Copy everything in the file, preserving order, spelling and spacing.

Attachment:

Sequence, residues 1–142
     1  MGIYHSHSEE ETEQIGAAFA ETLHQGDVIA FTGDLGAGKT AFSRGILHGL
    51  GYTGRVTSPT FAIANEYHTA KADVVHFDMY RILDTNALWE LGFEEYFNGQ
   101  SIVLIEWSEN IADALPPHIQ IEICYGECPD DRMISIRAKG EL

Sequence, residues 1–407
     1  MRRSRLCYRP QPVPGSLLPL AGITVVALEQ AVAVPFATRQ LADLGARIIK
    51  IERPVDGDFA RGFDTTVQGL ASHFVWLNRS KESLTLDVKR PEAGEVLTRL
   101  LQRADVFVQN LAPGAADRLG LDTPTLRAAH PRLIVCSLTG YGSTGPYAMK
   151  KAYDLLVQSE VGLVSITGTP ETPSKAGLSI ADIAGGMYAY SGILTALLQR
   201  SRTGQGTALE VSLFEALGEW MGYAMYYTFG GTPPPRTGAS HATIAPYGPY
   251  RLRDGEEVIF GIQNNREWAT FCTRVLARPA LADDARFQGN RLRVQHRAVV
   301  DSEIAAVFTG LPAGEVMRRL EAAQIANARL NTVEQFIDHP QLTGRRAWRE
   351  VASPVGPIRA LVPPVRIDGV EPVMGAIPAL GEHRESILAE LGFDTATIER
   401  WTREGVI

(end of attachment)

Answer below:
Sequence, residues 1–142
     1  MGIYHSHSEE ETEQIGAAFA ETLHQGDVIA FTGDLGAGKT AFSRGILHGL
    51  GYTGRVTSPT FAIANEYHTA KADVVHFDMY RILDTNALWE LGFEEYFNGQ
   101  SIVLIEWSEN IADALPPHIQ IEICYGECPD DRMISIRAKG EL

Sequence, residues 1–407
     1  MRRSRLCYRP QPVPGSLLPL AGITVVALEQ AVAVPFATRQ LADLGARIIK
    51  IERPVDGDFA RGFDTTVQGL ASHFVWLNRS KESLTLDVKR PEAGEVLTRL
   101  LQRADVFVQN LAPGAADRLG LDTPTLRAAH PRLIVCSLTG YGSTGPYAMK
   151  KAYDLLVQSE VGLVSITGTP ETPSKAGLSI ADIAGGMYAY SGILTALLQR
   201  SRTGQGTALE VSLFEALGEW MGYAMYYTFG GTPPPRTGAS HATIAPYGPY
   251  RLRDGEEVIF GIQNNREWAT FCTRVLARPA LADDARFQGN RLRVQHRAVV
   301  DSEIAAVFTG LPAGEVMRRL EAAQIANARL NTVEQFIDHP QLTGRRAWRE
   351  VASPVGPIRA LVPPVRIDGV EPVMGAIPAL GEHRESILAE LGFDTATIER
   401  WTREGVI